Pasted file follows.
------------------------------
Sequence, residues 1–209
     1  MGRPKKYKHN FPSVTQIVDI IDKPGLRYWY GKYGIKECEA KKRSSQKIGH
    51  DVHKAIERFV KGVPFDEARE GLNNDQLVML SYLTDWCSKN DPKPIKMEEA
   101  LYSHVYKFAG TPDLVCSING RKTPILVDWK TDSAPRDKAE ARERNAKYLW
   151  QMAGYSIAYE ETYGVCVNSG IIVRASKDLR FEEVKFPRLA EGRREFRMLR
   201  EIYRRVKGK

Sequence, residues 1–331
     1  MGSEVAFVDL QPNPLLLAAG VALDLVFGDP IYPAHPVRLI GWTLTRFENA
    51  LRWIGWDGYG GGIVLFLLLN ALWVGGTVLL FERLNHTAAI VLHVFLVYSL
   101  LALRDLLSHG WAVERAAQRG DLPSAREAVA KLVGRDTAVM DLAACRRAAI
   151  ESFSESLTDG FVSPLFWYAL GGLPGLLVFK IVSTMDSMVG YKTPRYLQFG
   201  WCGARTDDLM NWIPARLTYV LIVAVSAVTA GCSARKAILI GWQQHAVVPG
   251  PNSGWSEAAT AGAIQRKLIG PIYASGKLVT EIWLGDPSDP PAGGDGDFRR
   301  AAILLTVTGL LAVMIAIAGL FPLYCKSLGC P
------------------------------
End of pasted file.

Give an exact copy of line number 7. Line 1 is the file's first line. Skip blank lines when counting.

Sequence, residues 1–331